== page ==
Wow! That's alot of really helpful information...thax all! I wish that I had a decient camera, then I could experiment with aperture...but for now, I'll have to live with what I have. Thank you all for your input. and time...I really appriciate it! Oh, my mom wants my to tell everyone, that I am fourteen, however, I don't see how that is relevent. Anyway...thanx again.


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4/15/2005 6:46:26 PM

 
Bob Cournoyer
BetterPhoto Member Since: 2/9/2003
Contact Bob
Bob's Gallery
bobslens.com
  I do, but then I don't...
Learning is learning....:-)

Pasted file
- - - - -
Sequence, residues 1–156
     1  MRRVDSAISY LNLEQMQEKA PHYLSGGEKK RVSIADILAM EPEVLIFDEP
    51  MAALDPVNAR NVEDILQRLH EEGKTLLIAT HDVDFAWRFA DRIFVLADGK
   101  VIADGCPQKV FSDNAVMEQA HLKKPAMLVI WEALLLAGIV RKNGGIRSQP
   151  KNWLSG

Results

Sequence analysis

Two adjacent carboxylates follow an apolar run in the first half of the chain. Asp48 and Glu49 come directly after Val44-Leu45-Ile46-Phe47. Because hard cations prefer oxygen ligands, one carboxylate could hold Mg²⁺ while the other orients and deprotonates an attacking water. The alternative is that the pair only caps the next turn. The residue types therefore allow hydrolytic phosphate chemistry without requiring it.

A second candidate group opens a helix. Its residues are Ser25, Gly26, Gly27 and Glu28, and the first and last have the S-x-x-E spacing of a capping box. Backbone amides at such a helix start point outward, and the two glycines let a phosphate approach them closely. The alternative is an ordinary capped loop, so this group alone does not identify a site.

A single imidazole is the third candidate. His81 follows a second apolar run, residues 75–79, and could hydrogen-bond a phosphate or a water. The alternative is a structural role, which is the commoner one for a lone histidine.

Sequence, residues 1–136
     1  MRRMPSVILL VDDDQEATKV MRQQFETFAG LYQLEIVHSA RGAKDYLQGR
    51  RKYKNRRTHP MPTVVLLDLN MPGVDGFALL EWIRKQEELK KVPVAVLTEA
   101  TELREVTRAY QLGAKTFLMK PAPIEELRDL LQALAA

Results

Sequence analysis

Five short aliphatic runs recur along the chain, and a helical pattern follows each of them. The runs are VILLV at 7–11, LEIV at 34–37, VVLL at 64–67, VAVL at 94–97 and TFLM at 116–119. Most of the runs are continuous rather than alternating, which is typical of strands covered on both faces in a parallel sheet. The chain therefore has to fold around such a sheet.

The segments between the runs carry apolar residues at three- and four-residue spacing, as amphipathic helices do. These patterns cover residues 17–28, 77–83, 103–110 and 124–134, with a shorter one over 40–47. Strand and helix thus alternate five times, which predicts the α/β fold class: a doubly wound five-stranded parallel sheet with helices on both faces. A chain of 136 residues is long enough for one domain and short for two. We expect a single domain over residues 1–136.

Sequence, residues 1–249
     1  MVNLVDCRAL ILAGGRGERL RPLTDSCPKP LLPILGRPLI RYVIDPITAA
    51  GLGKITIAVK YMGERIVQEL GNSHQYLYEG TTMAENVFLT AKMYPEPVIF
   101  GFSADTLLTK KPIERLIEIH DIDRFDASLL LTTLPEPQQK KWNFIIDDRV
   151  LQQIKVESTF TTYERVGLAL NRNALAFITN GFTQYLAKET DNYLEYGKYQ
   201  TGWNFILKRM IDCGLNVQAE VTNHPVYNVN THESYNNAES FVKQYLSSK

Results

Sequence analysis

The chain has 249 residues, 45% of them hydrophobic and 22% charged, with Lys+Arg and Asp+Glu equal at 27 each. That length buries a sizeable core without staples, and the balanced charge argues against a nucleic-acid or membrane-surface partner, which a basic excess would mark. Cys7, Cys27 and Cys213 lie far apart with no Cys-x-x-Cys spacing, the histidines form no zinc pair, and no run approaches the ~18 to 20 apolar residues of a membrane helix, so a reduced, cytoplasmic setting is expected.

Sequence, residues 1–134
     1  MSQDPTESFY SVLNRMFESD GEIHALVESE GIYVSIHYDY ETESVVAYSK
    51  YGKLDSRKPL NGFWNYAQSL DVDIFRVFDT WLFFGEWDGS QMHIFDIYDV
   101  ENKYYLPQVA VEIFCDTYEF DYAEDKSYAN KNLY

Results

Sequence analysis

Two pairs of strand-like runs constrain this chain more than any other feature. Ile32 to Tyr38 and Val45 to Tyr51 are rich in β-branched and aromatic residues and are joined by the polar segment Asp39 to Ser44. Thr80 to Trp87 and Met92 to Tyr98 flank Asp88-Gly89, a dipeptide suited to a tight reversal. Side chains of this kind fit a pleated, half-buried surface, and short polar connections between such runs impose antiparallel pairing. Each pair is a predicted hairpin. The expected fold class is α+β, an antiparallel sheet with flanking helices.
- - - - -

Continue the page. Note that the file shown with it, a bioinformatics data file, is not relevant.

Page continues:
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4/15/2005 6:58:59 PM

 
Uyen  
BetterPhoto Member Since: 12/9/2004
  Hi Elizabeth. I really think "alone" has a lot of potential. It is nice and simple and the light and color are lovely. But I would crop it so that the horizon isn't dead center, as some others have suggested here. Personally, I'd probably crop from the top portion of the image, placing the horizon so as to emphasize the water and the reflection in it.


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4/17/2005 3:13:58 PM

 
brigitte stahre
BetterPhoto Member Since: 3/27/2004
  you have a really good eye, especially for a 14 year old.. most people that age don't look beyond the obvious..
"vacant" made me think of the beach after season..


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4/17/2005 4:52:15 PM

 
Elizabeth Coachman
BetterPhoto Member Since: 4/13/2005